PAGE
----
When Turnbull’s white-anting was rewarded by his elevation to leadership, the ingrained conservativism that prevented Howard, moreso Abbott, from surrendering to leftist interventionism evaporated. Turnbull has a rusted-on faith in government intervention and is a true believer both in the global warming myth and a future where technology will mean cheaper solutions to energy than those which require digging up resources. His policies were and remain alien to those of liberalism, but by that stage the broad church had brought forth and given prominence to a group of Liberal MPs with little faith in free enterprise and less in small government. These were joined by others spooked by Abbott’s poor opinion polls and for whom Turnbull offered plausibility as a saviour.
Continued poor opinion polls and the near loss of the 2016 election proved this wrong. But the broad church has undermined Liberal Party values by allowing an infiltration of members, some of whom are barely distinguishable from the green left. This became apparent when forty federal Parliamentarians voted for Turnbull in the recent leadership spill even after it was clear that he was bereft of liberal principles, was ever willing to spend and was obsessed with a Ruddian global warmism that coloured his entire philosophy, even appointing fellow true believer Martin Parkinson as his departmental secretary.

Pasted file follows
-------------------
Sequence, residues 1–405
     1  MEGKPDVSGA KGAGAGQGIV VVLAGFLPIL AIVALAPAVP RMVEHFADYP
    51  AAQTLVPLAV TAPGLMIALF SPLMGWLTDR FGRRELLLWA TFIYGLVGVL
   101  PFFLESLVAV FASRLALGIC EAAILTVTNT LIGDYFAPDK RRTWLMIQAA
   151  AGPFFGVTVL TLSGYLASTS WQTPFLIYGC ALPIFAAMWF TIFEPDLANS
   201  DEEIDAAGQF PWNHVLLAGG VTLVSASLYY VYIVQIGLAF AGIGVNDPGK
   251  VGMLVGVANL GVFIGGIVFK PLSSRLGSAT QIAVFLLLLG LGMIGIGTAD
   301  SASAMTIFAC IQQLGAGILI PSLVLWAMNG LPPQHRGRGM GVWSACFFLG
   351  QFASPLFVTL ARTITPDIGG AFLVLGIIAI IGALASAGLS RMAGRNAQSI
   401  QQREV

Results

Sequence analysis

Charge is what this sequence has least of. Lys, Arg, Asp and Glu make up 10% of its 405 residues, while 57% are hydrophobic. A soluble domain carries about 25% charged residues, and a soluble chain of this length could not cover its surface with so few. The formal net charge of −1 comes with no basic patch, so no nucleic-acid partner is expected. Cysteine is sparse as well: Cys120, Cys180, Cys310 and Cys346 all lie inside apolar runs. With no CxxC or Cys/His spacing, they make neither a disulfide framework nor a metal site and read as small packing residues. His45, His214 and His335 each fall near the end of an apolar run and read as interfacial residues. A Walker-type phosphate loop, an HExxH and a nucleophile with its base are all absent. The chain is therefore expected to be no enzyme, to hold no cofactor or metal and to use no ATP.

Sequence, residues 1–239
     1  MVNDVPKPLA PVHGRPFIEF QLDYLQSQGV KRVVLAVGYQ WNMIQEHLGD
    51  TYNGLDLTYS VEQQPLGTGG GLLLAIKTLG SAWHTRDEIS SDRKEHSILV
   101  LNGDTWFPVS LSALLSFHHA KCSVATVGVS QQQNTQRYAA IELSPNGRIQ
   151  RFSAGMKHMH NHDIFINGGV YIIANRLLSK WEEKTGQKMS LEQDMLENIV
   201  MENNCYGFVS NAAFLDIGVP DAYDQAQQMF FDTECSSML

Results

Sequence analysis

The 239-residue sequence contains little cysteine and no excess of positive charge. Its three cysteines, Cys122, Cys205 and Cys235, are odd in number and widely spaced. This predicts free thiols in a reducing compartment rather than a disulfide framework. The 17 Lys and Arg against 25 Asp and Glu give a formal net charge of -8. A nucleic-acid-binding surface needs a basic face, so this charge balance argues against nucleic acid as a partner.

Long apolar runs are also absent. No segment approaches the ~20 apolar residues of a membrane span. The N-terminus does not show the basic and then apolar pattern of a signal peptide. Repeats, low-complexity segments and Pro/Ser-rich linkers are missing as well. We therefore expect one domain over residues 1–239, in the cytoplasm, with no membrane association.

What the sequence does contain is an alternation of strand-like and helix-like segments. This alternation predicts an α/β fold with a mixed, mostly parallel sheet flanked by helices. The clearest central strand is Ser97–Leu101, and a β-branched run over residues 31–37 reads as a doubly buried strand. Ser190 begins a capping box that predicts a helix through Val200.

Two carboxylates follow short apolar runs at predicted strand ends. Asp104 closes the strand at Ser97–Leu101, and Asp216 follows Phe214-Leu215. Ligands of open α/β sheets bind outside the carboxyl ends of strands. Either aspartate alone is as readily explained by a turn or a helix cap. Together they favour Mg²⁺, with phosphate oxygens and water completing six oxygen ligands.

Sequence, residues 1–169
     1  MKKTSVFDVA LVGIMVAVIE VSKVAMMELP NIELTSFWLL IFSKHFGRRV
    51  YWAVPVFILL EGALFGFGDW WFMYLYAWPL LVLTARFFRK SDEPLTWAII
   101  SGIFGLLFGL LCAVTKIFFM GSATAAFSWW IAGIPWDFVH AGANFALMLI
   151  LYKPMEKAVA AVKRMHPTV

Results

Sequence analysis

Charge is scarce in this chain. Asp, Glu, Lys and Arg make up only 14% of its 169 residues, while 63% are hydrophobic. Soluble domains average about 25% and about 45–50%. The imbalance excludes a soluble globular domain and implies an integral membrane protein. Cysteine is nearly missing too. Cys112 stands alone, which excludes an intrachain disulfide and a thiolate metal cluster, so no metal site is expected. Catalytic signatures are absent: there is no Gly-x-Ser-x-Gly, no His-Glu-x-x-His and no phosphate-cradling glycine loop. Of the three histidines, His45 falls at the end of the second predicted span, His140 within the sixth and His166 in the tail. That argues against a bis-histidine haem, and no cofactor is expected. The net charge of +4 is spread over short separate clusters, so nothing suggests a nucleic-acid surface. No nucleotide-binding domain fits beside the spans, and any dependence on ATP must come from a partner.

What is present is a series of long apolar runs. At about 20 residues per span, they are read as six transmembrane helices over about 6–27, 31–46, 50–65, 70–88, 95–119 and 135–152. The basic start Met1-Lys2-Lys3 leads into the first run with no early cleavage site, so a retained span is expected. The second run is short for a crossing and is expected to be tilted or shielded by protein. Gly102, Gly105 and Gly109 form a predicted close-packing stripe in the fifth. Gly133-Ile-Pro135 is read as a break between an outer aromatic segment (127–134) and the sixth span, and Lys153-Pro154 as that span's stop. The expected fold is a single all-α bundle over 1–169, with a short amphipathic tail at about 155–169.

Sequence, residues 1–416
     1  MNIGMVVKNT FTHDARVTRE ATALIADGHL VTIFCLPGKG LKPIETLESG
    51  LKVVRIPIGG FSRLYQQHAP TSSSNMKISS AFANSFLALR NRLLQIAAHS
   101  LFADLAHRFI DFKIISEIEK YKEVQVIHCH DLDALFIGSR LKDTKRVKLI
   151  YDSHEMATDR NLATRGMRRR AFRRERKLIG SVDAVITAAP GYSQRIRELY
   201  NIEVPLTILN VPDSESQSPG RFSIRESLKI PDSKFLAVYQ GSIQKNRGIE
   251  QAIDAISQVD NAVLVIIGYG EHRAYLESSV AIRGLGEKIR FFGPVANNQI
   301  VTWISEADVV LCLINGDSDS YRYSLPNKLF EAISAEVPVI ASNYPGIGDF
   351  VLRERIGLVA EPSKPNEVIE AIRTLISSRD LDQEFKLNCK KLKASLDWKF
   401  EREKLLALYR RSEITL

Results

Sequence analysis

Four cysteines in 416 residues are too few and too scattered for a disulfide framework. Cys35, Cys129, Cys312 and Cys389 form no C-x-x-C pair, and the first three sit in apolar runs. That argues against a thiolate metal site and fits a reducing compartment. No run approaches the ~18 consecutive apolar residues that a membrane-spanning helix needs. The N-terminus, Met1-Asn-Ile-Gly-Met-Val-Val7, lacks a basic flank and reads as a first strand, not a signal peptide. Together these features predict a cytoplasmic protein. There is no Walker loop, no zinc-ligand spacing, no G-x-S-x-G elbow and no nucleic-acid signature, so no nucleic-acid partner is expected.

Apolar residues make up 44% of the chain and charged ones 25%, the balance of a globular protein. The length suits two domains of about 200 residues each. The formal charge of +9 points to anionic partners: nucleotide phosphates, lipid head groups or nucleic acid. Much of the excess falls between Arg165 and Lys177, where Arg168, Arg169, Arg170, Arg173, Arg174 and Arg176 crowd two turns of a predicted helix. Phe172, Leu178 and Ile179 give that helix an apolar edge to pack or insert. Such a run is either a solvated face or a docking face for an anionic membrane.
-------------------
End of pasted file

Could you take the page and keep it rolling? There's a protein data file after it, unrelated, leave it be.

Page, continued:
The seat of Wentworth is the latest casualty of these policies. In the wake of the loss, Trent Zimmerman was not the only NSW politician calling for a more robust attack on fossil fuel-generated electricity. He would certainly be joined by his patron, Michael Photios, the state powerbroker whose wife, Kristina, is a director of Clean Energy Strategies, which bills itself as “a boutique corporate advisory firm specialising in energy“. Photios has been trying to replace conservative Liberal MPs, including Craig Kelly, who has converted his seat of Hughes from marginal to safe Liberal. In Kelly’s case the vaunted replacement is a former ALP representative, Kent Johns.
Although Scott Morrison has said there will be no change in the policy, pressures from the Wentworth election outcome, the left of the Party are moving to kill suggestions of a shift to a harder core anti- Paris and pro-low cost energy stance. This leaves the electorate with little to distinguish the ALP from the Coalition, except the gentler, rosier patina that the ALP will supply.
Could a Liberal leader do a “full Trump” and offer the liberal and conservative policy blend that has proven so successful in North America? Many would argue that Australia’s mandatory voting system means there is no possibility of energising otherwise non-voting supporters in the way Trump has done. Perhaps so, but the drift to the centre-left that characterises the Liberal Party today makes it difficult to discern a path that will prevent its defeat in a general election.